- FRANCE –
- ROYAUME-UNI – Craigmillar - An old freezer is being investigated after being found dumped in the middle of Craigmillar. But the case is unlikely to trouble the city's fly-tipping patrols, as the discovery dates back hundreds of years. The 18th century ice house is just one of a series of new discoveries made by archaeologists at the Niddrie Marischal estate over the past few weeks ahead of flood prevention work in the area. Pottery has also been recovered from medieval ditches - dating back to the 15th century or possibly even earlier - and evidence of a 17th century farm has been uncovered. Niddrie Marischal House was built on the site around 1636 and was demolished in the 1960s, but it is believed the origins of the estate may go as far back as the 12th century. John Lawson, the council's curator of archaeology, said: “One of the things we have found was something we never knew existed, an early farmhouse. "We have found a very nice well associated with the farmhouse which may throw up some interesting artefacts." The remains of the farm include cobbled surfaces and hearth and stone foundations. A replacement farm was built around 1800 just to the east of these remains.The earliest form of freezer, ice houses were a common feature of large mansions throughout the UK in the late 18th and 19th centuries. The large chambers were dug into mounds and filled with ice or snow in the winter, and were used to preserve food and to keep wines cool in summer. It is hoped the ice house, a circular stone-lined pit, will be preserved on the site.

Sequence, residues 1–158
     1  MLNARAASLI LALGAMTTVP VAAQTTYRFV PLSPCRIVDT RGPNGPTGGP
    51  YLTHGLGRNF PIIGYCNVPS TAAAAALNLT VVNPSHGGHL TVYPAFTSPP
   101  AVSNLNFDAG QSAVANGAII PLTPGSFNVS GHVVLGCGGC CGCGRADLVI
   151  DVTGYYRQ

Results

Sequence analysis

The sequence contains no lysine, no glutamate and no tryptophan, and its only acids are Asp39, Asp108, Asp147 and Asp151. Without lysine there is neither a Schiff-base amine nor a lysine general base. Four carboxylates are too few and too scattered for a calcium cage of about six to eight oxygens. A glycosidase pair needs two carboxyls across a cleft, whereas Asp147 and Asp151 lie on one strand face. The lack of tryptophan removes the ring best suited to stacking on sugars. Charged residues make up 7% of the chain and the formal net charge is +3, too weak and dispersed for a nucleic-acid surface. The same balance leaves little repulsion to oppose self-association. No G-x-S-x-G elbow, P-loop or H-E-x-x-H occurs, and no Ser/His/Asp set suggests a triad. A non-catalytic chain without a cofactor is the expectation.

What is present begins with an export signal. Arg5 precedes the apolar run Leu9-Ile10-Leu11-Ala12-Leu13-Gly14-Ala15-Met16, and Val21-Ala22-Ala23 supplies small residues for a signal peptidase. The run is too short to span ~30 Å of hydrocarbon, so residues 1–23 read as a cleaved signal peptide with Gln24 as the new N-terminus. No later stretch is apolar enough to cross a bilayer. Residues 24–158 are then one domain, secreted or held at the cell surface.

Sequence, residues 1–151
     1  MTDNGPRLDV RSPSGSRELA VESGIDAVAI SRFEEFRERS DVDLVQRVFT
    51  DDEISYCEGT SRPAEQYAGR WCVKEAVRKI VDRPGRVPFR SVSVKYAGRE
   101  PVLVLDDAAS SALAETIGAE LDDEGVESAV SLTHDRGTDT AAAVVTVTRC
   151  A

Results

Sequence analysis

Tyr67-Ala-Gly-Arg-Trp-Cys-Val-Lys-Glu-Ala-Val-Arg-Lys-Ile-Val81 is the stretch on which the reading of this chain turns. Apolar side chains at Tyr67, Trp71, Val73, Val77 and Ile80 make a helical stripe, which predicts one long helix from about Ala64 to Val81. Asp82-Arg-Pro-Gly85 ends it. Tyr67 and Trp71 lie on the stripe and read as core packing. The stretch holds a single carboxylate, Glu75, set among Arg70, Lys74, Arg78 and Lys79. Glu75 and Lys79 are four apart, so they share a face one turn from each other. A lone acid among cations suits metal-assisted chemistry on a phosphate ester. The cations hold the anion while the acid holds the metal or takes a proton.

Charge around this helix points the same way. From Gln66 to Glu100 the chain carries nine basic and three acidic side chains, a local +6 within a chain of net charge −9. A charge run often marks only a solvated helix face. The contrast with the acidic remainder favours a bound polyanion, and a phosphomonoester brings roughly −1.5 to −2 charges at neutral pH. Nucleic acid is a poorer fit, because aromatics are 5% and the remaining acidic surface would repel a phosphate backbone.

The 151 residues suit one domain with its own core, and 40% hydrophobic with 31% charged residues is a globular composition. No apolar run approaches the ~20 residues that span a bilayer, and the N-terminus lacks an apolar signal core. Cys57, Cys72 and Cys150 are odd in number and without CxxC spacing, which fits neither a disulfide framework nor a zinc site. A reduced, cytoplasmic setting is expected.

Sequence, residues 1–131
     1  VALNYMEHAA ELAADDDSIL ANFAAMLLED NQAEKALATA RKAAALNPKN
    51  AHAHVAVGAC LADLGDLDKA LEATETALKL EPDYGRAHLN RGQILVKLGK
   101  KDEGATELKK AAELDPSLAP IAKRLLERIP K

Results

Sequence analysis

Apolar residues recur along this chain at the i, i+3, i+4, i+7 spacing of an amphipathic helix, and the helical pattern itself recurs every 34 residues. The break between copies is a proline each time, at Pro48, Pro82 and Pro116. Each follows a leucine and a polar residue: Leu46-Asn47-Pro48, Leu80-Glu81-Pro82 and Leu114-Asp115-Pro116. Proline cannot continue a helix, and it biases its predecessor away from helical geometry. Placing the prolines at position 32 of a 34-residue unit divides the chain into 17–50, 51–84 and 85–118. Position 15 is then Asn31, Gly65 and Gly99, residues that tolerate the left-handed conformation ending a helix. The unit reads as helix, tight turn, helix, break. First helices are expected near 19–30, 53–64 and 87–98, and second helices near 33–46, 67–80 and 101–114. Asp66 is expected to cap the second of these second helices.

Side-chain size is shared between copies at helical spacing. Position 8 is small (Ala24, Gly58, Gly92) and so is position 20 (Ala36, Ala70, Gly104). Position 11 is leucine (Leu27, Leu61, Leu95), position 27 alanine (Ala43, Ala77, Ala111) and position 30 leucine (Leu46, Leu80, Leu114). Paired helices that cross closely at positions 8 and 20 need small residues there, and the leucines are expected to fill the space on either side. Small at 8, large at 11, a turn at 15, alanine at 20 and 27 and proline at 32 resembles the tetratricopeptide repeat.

- ROYAUME-UNI – Kincorth - Information on the early history of Kincorth Hill and the development of the urban area of Kincorth. Among the many archaeological sites on Kincorth Hill are a number of possible prehistoric locations; there are also quarries dating from the 19th and 20th centuries. Historically, the hill was the site where the Covenanters camped before the Battle of the Bridge of Dee in 1639; one of Aberdeen's serious defeats during the Civil War.
- USA – Hinds Cave - Man’s best friend was actually man’s food source? This discouraging piece of information was shared at a recent Society for American Archaeology meeting in Sacramento. According to archaeologists’ findings, ancient canine bones dating back 9300 years were discovered at the Hinds Cave site in Texas. The bones, believed to be from the shoulder of a dog, were discovered in human fecal matter…the obvious implication – humans were not bringing dogs along for companionship, instead, the dogs were likely a food source. The archaeologists’ bone discovery was to that of the oldest genetically identified dog in the America’s. Prior bones dated back just 1500 years.